The Easiest Bread Recipe in the World

Do you dream of being able to make your own bread, but believe bread making is for “real” bakers? No longer. This bread is so easy, even YOU can make it. No kneading, no crazy ingredients, no picky, scientific processes. Just follow the directions, and you’ll have the most fresh and delicious baguettes in all of history!

Bread

When we were in Grand Haven last weekend, our friends served us some of this bread for breakfast, and I HAD to have the recipe. The crust is delightfully crunchy, and the inside is soft and chewy. As any baguette should be! Smear with butter, jam, or honey. Alternatively, use it as an appetizer and dip it in oil and vinegar or use some savory spreads and cheeses.

To make the dough, add water and yeast to a bowl. Make sure the water is roughly 100 degrees–lukewarm, just slightly warmer than your body temperature. Add salt and flour, and mix with a wooden spoon until everything is combined and there are no clumps of flour left. Cover the bowl and let the dough rise in a warm place for 2 hours.

At this point, you can proceed with making your bread, or you can slide the dough into the fridge and leave it until you want to bake.

When you decide to bake, dump the dough out onto a floured surface. Flip so the outside is covered. Use a knife to cut into three strips. Roll each in flour, and cut 3-4 diagonal slits in the top.

Cover again, and let rise. While rising, put the pizza stone on one rack of your oven and a bowl of water on the other. Preheat to 425 degrees, and bake for 20 minutes.

It’s not necessary, but the bread will be tastier and the process much easier if you have a pizza stone and peel. You need it for homemade pizza, anyway. Go ahead and invest!

You’ll need:

  • 3 1/4 cups flour
  • 2 Tbs salt
  • 1 packet of yeast (or 2 1/4 tsp)
  • 1 1/2 cups of warm water

To make the bread:

  • Dissolve yeast in warm water (between 100 and 110 degrees F)
  • In a large bowl, combine flour and salt
  • Add water and mix until combined and the dough forms a rough ball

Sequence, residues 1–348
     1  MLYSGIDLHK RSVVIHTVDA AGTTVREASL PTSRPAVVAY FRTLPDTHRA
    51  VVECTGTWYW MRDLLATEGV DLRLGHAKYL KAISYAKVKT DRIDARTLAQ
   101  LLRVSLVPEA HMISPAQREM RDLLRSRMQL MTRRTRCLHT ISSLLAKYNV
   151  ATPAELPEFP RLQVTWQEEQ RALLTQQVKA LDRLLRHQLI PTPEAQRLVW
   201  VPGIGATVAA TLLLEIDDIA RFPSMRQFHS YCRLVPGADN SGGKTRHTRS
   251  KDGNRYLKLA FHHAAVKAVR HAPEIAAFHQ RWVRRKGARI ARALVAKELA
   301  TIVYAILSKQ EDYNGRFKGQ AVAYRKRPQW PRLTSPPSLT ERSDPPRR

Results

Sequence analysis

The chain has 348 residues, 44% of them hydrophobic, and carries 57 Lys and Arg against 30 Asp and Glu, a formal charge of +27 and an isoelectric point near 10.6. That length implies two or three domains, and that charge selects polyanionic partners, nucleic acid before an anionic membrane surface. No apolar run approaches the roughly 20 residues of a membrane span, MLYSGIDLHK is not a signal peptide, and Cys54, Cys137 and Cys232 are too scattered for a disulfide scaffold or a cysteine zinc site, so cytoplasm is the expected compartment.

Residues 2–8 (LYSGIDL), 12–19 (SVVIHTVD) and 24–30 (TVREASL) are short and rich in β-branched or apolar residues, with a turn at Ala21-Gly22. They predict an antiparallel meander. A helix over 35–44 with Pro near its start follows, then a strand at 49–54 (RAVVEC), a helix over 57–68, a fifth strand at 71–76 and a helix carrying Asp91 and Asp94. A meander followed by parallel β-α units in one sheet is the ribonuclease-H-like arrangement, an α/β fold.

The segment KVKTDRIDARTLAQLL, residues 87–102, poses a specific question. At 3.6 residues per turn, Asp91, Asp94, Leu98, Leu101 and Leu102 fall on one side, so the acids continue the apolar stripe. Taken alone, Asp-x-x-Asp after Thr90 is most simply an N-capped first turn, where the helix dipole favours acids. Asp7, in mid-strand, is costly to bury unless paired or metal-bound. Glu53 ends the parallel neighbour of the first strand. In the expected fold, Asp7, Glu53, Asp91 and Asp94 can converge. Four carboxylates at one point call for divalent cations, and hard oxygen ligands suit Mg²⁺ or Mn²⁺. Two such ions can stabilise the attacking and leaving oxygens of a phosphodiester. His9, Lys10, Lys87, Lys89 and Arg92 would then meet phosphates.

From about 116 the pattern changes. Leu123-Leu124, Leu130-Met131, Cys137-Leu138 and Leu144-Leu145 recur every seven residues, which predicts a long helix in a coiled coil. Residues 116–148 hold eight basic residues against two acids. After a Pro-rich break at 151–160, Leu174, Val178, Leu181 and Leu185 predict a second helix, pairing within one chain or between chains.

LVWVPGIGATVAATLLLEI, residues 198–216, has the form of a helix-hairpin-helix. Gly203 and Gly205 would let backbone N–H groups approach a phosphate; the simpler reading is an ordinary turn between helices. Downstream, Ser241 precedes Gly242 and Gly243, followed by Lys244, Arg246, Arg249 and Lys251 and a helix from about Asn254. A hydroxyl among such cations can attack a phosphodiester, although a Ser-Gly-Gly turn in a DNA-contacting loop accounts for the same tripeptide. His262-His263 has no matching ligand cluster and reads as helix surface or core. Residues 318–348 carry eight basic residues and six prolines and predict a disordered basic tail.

• Cover with saran wrap and let rise for about 2 hours. At this point, you can either put it in the fridge to make later or make right away
  • Preheat oven to 425 degrees F.
  • Dump dough onto a floured counter, and divide into 3 parts. Form the dough into long loaves, and slice the top (see picture!)
  • Bake on a baking sheet or a pizza stone for 20 minutes.
  • Allow to cool slightly before serving

Recipe based on Artisan Bread in 5 Minutes a Day


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Biscuits

I love hosting dinner parties. I get to make a fuss over food. It’s the greatest. For instance, if we’re having company, I always make a dessert. I generally make some sort of bread, as well. In the bread realm, I love the recipe I use for dinner rolls. It’s amazing. If you haven’t tried it, you should. IMG_5885

True confession: there are times when I don’t want to let dough rise. Rising time just takes too long. The dough is too finicky. Do you hear me?

Let me introduce you to the biscuit. Beautiful, lovely little breads that they are. They’re like a roll. But they don’t have to rise. Mix, cut, bake, serve. Done. Some key points to making biscuits successfully:

  • Use butter straight out of the fridge. You could even pop it into the freezer for a while. It needs to be cold!
  • Don’t over-knead your dough. Mix it up with a spoon. And then when you can’t mix anymore, knead it 5 times. That’s all. FIVE. It needs to mostly be in a ball, but there might be a little bit that refuses to get in on the fun. When you roll out your dough, you’ll pick up the stragglers. The consequences to kneading more than this: no flaky biscuit layers for you.
  • After you roll your dough, push the biscuit cutter (or drinking glass) straight down. Avoid the temptation to twist. This will also ruin your nice flaky layers.

IMG_0020

For this great biscuit recipe, see smitten kitchen. It’s simple, easy to follow, and tastes great hot out of the oven, smeared with butter.

Stromboli Success

Remember awhile ago when I made stromboli? And it was something of a fail? Let me refresh your memory. Well, I put on my big girl panties, and I tried again. And it worked!

IMG_2284Look at that rolled up pizza deliciousness!

Some key things we did differently than the last attempt:

  • Avoided over stuffing. It’s tempting to pile on the toppings like you would for a pizza. Don’t give in. A little goes a long way in the toppings realm.
  • Left a 3 inch border for rolling. It helps. Just do it.
  • Had better dough to begin with. My new trick for raising dough is this–set your oven to warm, put a dish of warm water on the bottom rack of the oven, and the bread in a covered bowl above it. Once the oven preheats (to warm), turn the oven off. This creates a lovely little warm and humid place for dough to rise. Especially if your house is dry, this is a great way to go!

For the recipe and complete directions for your own stromboli success, head on over to Lauren’s Latest.